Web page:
Ferrari president Luca di Montezemolo has already begun a restructuring of his Formula 1 team in a bid to get it back to the front of the grid.
While he and new team boss Marco Mattiacci continue a review of the operation following Stefano Domenicali's surprise resignation, di Montezemolo has wasted little time in making more immediate changes.
He has made a push to cut out bureaucracy at the outfit, streamlining decision-making processes and simplifying the staffing structure to ensure that it is more reactive to making the necessary improvements.
To help achieve this, Ferrari has cut back on the number of consultants it uses, while also focusing on ramping up the areas where it knows more performance can be found.
Di Montezemolo has also demanded that the schedule of its update programme be accelerated - which has meant external suppliers being asked to reduce the time it takes for new parts to be delivered to the team.
A statement issued on Ferrari's website outlining the tweaks said: "The aim of all these changes is for Ferrari to be able to react more quickly, ready to gather and make the most of information both drivers provide during race simulations, but above all, whenever they take to the track."
Mattiacci had his first race in charge of the team in China last weekend, and said that it was ready to do whatever it takes to return to the top.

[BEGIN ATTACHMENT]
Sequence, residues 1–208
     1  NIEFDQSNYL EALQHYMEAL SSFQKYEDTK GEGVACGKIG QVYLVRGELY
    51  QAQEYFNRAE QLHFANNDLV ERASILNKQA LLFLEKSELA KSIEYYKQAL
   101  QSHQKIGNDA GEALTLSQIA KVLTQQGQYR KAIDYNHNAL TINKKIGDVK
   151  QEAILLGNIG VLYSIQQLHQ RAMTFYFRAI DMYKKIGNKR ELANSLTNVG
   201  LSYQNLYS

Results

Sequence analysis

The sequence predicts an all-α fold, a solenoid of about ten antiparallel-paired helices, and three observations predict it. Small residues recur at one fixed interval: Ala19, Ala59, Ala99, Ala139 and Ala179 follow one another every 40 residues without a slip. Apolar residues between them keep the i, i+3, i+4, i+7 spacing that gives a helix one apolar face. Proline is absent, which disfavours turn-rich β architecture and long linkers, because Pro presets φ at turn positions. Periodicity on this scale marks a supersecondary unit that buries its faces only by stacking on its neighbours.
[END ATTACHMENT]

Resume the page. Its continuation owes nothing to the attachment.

"I will discuss things with the chairman [di Montezemolo], and clearly what is needed we will do," he said. "Even going to the market [to hire people] - but with a clear idea that it is not just for the sake of shopping.
"It is only if we find someone that will bring extremely added value to a team that according to all of us is one of the highest level teams in F1. That is the philosophy. What is needed will be done."
Jonathan Noble - Group F1 Editor
Ferrari may have been put on the backfoot by Stefano Domenicali's decision to resign after the Bahrain Grand Prix, but it is clear his departure has opened up an opportunity to make more sweeping changes.
New team principal Marco Mattiacci has been thrown in at the deep end, but his lack of F1 experience gives the outfit a great chance to benefit from the insight of a highly-ambitious manager with no previous baggage.
The talk has been of no holding back in making the changes needed. His comment about 'going to market' is significant because it shows that Ferrari may be ready for a pretty major overhaul.
Yet one of the biggest issues for Ferrari has always been closer to home - in dealing with the machinations that take place within the corridors of Maranello.
So in the short term, streamlining those processes, getting rid of over-complicated management structures and speeding up the through-put of new parts is a sign that Ferrari understands where things have gone wrong.
It knows that change is essential.